Our Junk Drawer
They're too short for 3,000-word stories, but too interesting to not write about at all. Meet Tedium’s shorties—the latest quick hits of news and weirdness from Tedium.
Different Kind of Thirst
Technology writer and novelist Michael Warren Lucas bought a block of ISBN codes (aka the barcodes on the side of books) somewhat recently. On his site, he explains how the process went and why you shouldn’t accept ISBNs from Amazon alone.
New Dimension, New Controller
“It may not be the greatest video game controller ever … but it’s arguably the most interesting.”
— Writer Mark Christian, taking a deep dive into the iconic Nintendo 64 controller, which inconveniently put the analog stick dead in the middle.
Two Guitars, One Body
The price of the Fender American Acoustasonic Telecaster, a guitar that is able, through the electronics baked in, to mimic multiple types of guitars—including hollow-body acoustic and solid-body electric.
How Do They Work?
Developer Charlotte Dann has magnets implanted in her fingers that allow her to do cool things, like slightly struggle to open up the fridge.
“Back on the Indie Trail”
“We’ve grown ever more aware of the problems with centralizing the internet.”
— David Heinemeier Hansson, the creator of Ruby on Rails and the CTO of Basecamp, discussing why his company is moving off of Medium and putting its blog onto its own host. The trend is picking up!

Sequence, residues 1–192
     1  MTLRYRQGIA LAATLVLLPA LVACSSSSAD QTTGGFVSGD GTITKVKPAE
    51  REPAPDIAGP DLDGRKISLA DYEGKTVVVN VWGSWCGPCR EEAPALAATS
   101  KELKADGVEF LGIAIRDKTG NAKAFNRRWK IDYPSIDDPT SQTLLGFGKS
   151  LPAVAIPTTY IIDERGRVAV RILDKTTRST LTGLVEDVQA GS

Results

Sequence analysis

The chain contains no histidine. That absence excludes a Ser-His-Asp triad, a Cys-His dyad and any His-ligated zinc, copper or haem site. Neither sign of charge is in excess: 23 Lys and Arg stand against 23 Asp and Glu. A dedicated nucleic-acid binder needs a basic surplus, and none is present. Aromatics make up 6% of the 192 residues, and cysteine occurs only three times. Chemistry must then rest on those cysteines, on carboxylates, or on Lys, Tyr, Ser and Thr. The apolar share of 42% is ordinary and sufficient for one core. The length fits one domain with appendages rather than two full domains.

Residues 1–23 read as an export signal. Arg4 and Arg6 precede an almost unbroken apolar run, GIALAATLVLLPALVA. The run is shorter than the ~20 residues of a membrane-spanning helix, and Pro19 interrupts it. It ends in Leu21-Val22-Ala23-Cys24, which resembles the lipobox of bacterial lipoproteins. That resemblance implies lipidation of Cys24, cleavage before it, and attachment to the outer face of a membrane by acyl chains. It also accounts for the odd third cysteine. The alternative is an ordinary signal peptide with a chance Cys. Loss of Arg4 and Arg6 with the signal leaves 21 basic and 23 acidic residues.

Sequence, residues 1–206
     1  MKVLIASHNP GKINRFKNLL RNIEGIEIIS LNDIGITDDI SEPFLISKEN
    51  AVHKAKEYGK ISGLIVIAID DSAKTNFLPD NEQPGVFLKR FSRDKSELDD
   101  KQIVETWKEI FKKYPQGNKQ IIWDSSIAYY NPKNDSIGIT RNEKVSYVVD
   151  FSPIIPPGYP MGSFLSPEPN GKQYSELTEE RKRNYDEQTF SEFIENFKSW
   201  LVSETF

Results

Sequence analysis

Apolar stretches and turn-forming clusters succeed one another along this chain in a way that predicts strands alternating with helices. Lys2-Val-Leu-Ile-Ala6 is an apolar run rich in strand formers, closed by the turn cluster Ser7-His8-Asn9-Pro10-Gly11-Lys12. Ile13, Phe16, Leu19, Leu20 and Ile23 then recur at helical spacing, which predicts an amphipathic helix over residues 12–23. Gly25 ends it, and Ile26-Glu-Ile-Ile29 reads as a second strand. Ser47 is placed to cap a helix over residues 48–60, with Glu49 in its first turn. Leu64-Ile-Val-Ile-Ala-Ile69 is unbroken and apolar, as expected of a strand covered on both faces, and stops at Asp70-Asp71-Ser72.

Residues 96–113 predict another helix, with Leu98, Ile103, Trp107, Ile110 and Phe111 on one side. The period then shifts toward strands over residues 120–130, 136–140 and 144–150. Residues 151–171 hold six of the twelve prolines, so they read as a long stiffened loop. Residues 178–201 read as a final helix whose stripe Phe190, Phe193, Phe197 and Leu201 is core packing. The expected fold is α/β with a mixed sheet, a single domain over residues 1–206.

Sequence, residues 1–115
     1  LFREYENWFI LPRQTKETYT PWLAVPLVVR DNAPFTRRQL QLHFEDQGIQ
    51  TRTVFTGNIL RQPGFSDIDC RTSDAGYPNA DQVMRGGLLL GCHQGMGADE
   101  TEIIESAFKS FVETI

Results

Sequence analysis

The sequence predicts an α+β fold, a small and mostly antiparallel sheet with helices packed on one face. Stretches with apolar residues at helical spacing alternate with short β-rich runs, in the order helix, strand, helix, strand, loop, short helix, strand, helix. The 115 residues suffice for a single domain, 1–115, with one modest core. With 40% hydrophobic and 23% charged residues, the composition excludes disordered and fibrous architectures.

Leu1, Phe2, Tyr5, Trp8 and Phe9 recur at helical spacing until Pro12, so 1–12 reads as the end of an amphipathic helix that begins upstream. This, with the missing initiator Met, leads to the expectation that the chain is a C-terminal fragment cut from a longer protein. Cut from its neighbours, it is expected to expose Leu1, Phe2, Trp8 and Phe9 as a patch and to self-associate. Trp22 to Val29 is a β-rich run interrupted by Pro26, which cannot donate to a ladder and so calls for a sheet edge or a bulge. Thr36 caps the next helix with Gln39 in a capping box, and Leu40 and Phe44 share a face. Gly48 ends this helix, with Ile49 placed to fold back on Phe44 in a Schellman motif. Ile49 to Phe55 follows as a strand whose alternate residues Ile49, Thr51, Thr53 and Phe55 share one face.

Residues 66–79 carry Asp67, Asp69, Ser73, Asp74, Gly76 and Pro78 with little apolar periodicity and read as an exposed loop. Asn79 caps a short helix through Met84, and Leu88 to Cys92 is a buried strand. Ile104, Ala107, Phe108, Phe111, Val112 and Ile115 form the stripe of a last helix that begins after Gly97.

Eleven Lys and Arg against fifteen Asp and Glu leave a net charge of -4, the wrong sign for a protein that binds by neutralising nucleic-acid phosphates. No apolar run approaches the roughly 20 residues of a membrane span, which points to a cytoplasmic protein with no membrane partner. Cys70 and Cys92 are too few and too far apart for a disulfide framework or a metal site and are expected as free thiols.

The Art of Your Childhood
My Life in Gaming, an excellent YouTube channel focused on retro gaming, just released a lovely mini-documentary featuring Tom duBois, who drew much of the video game box art for Konami in the late ’80s and early ’90s. Some great storytelling here.
Started From the Bottom …
“I didn’t have a lot of experience but I did have a lot of opinions.”
— Ryan Schreiber, the founder of Pitchfork, reflecting on the iconic music publication he built more than two decades ago—and plans to leave soon.
Close Your Tabs!
Mozlla’s IRL podcast recently featured my thoughts about browser tab overload for all to hear. The whole thing’s worth listening to, but my strong opinions can be found around the 9:20 mark.
”Watching it actually made me dumber, and I didn’t mind a bit.”
— Flop-reviewing legend Nathan Rabin, who wrote a review of Surf Ninjas that was gifted to me. Yes, that happened.